Damien M. Schiff
Senior Staff Attorney
Pacific Legal Foundation
PLF files opening brief at Supreme Court in David v. Goliath case of Sackett v. EPA
Sacramento, CA; September 26, 2011: The U.S. Supreme Court today received Pacific Legal Foundation’s opening brief on the merits in Sackett v. U.S. Environmental Protection Agency, a high-profile property rights case on the Court’s docket for 2011-2012 term that opens next Monday, October 3.
This David v. Goliath case pits a working couple in Idaho against a federal bureaucracy that has blocked them from building a home on their own property in a residential neighborhood, and has threatened them with ruinous fines for allegedly filling in “wetlands” — while denying them a meaningful opportunity for administrative or judicial review of the bureaucracy’s claim of jurisdiction over them.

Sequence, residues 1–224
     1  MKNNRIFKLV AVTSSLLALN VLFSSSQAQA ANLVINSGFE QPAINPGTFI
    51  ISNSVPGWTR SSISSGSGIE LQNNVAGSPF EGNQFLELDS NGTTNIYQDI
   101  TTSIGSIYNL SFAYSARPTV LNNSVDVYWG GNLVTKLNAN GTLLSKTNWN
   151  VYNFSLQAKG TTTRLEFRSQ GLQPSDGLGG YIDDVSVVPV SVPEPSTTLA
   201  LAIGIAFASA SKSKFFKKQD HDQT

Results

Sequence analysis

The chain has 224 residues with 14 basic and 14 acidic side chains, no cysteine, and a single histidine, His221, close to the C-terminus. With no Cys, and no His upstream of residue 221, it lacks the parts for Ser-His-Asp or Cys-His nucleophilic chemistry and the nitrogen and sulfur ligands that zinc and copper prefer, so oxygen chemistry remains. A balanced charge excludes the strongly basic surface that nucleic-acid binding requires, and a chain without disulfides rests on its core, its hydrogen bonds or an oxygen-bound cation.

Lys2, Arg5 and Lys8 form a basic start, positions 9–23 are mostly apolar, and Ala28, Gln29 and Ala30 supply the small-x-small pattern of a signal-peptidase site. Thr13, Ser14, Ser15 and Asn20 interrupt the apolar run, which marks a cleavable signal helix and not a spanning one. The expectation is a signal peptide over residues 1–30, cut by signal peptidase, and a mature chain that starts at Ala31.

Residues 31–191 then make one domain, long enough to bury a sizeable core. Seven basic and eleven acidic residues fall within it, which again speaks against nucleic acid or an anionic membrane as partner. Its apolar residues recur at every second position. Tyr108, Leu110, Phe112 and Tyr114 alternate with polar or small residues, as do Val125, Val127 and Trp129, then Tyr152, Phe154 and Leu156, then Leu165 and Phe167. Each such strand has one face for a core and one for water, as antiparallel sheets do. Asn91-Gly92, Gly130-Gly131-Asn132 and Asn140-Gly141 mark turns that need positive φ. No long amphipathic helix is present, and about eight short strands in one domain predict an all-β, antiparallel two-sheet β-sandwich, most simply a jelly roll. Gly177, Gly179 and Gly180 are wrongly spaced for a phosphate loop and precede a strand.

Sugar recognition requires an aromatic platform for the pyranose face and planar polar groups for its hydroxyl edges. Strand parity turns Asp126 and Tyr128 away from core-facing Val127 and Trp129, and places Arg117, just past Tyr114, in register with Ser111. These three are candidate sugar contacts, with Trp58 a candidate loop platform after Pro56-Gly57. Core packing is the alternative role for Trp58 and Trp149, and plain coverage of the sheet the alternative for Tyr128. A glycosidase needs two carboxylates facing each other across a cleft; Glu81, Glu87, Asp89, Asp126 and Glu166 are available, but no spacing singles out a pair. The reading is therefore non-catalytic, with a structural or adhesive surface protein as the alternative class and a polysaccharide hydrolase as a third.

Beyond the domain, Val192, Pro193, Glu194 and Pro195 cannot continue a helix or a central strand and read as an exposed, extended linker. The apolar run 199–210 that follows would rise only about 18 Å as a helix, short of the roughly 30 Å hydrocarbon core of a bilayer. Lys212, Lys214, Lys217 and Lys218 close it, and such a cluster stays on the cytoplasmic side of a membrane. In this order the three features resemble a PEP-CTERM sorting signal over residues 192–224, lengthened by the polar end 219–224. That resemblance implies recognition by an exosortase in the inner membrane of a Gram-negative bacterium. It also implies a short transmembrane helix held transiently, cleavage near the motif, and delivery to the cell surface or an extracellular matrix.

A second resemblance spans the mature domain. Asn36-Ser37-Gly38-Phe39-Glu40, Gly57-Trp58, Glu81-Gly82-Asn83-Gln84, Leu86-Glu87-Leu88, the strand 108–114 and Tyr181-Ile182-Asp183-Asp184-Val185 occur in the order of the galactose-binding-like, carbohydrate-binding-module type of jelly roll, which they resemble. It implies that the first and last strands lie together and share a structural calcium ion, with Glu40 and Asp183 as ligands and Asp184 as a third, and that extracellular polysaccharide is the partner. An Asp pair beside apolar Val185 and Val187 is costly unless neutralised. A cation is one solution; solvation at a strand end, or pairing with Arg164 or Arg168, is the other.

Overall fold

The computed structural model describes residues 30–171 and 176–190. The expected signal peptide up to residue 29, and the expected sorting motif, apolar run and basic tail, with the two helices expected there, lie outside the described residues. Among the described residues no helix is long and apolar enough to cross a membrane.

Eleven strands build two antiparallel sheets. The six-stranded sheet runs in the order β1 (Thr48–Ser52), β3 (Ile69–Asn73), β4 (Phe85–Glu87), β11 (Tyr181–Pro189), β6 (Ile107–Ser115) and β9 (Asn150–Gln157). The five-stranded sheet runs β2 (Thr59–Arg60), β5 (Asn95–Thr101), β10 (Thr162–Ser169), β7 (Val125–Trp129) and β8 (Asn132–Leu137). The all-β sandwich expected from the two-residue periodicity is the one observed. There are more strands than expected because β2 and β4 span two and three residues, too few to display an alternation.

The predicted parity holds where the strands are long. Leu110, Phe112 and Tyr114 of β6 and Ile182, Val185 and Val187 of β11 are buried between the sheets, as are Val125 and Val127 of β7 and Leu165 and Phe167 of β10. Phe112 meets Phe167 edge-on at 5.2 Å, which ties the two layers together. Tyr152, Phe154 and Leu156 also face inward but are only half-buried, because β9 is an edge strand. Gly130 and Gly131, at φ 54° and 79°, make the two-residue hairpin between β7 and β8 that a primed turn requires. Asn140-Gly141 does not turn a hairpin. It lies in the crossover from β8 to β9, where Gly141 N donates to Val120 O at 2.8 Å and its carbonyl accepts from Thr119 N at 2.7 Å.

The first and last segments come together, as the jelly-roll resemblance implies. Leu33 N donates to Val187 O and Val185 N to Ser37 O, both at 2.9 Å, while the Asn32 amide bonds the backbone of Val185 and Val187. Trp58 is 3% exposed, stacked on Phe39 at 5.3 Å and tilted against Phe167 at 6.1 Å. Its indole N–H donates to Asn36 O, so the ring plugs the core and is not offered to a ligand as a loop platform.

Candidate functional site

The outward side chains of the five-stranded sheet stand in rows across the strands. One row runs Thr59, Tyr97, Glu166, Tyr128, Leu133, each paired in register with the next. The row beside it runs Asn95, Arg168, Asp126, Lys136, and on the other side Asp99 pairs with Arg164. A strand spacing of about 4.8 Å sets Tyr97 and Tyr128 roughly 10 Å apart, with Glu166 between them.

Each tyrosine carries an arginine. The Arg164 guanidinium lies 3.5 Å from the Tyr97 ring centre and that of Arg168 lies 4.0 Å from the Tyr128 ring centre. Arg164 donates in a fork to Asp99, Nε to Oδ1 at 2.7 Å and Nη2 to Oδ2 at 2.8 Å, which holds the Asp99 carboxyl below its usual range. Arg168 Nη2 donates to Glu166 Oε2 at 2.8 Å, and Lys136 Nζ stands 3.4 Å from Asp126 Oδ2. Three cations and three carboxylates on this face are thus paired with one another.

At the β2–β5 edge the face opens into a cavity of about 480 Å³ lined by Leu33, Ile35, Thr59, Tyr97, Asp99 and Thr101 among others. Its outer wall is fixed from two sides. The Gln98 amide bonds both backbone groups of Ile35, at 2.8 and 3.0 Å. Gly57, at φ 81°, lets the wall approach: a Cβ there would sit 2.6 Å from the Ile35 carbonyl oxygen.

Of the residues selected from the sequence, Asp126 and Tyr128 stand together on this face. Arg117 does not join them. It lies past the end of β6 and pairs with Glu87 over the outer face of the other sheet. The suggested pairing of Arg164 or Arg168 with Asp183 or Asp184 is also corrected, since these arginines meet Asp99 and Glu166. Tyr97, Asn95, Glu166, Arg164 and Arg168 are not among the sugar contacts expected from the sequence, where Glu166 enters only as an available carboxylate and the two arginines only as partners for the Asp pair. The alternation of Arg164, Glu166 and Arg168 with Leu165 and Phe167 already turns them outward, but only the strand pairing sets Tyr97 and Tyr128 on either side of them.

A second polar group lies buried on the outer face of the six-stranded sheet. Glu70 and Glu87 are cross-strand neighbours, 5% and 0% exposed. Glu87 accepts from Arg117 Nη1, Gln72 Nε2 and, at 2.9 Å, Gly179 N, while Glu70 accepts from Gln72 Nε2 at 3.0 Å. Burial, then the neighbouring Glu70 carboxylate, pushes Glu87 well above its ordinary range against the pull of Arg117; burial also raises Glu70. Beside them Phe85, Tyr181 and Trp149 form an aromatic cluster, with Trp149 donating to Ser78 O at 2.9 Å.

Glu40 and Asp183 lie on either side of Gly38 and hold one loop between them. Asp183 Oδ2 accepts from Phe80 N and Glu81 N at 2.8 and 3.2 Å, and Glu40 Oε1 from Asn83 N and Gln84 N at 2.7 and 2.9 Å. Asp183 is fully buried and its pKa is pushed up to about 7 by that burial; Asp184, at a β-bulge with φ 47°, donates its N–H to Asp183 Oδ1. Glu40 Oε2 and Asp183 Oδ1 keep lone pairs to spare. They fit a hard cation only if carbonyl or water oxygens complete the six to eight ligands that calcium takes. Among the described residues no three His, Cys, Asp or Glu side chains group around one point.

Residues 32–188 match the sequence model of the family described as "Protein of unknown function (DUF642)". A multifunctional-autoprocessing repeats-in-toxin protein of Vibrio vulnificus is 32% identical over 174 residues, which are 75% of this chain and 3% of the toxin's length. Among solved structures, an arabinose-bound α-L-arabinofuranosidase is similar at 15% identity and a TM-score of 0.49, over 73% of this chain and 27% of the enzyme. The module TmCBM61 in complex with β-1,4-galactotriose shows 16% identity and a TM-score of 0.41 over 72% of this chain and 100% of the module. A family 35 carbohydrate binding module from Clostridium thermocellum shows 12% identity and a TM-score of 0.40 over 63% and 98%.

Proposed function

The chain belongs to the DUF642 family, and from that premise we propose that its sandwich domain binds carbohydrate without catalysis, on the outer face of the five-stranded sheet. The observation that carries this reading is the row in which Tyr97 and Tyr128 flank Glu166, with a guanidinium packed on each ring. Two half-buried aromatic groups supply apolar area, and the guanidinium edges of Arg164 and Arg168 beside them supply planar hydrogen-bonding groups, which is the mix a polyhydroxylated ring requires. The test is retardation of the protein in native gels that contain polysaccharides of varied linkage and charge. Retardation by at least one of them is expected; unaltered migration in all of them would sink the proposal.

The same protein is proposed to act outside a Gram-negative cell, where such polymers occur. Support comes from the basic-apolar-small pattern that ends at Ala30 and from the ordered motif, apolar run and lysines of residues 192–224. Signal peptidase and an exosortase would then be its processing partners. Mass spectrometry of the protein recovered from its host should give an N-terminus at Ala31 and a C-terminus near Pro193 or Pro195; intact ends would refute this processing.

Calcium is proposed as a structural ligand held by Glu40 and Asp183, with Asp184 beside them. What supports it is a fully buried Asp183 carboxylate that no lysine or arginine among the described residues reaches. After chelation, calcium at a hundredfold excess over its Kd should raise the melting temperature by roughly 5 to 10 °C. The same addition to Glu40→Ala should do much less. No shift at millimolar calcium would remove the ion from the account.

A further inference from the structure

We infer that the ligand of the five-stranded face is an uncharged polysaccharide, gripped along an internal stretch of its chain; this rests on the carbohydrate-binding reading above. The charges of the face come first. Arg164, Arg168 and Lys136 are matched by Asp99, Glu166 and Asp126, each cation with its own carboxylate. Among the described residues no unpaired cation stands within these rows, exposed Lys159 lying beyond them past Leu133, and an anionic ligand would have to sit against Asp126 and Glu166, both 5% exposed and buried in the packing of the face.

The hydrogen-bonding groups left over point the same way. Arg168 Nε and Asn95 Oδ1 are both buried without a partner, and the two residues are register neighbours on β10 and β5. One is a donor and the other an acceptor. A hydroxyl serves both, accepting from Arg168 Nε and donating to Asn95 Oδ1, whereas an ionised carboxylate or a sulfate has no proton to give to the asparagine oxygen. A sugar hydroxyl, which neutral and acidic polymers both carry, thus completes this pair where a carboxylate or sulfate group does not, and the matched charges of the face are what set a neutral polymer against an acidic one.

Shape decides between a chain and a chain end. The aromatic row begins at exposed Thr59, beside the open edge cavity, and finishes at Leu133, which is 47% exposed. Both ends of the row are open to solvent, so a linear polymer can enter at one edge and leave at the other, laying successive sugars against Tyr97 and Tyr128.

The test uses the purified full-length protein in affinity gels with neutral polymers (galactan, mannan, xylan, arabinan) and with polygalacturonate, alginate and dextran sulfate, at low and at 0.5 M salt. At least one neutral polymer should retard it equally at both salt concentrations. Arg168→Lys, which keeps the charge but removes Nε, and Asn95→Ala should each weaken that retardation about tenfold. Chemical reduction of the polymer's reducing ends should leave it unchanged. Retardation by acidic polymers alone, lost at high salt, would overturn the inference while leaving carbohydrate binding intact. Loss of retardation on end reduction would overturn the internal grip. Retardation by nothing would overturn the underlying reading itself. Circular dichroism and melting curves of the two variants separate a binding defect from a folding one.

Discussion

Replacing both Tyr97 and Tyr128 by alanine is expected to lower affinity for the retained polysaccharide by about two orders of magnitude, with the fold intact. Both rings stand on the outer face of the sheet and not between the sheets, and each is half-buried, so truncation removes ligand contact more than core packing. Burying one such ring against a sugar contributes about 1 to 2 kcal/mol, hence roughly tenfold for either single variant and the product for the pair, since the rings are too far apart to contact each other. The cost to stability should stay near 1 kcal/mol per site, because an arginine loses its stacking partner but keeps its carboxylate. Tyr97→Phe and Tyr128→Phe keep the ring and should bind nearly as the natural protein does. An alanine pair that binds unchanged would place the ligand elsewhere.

Property owners Mike and Chantell Sackett, of Priest Lake in the Idaho panhandle, are represented, free of charge, by attorneys with Pacific Legal Foundation, the leading watchdog organization that litigates for limited government, property rights, individual rights and a balanced approach to environmental regulations.
The Supreme Court granted the Sacketts’ petition for certiorari in late June. Briefs at the Supreme Court are deemed filed when mailed, and PLF attorneys filed the opening brief on the merits this past Friday, September 23.
“Our brief addresses two related issues,” said PLF Senior Staff Attorney Damien Schiff, who will argue the Sacketts’ case before the High Court. “First, did Congress intend to preclude landowners like the Sacketts from suing EPA in court immediately after receiving an EPA compliance order issued under the Clean Water Act? If so, does that preclusion violate the Due Process Clause of the Constitution?
“Now we wait for the government’s response, which is due just before Thanksgiving.”
About Pacific Legal Foundation
Donor-supported PLF (www.pacificlegal.org) is the leading watchdog organization that litigates for limited government, property rights, individual rights, and a balanced approach to environmental regulations, in courts nationwide.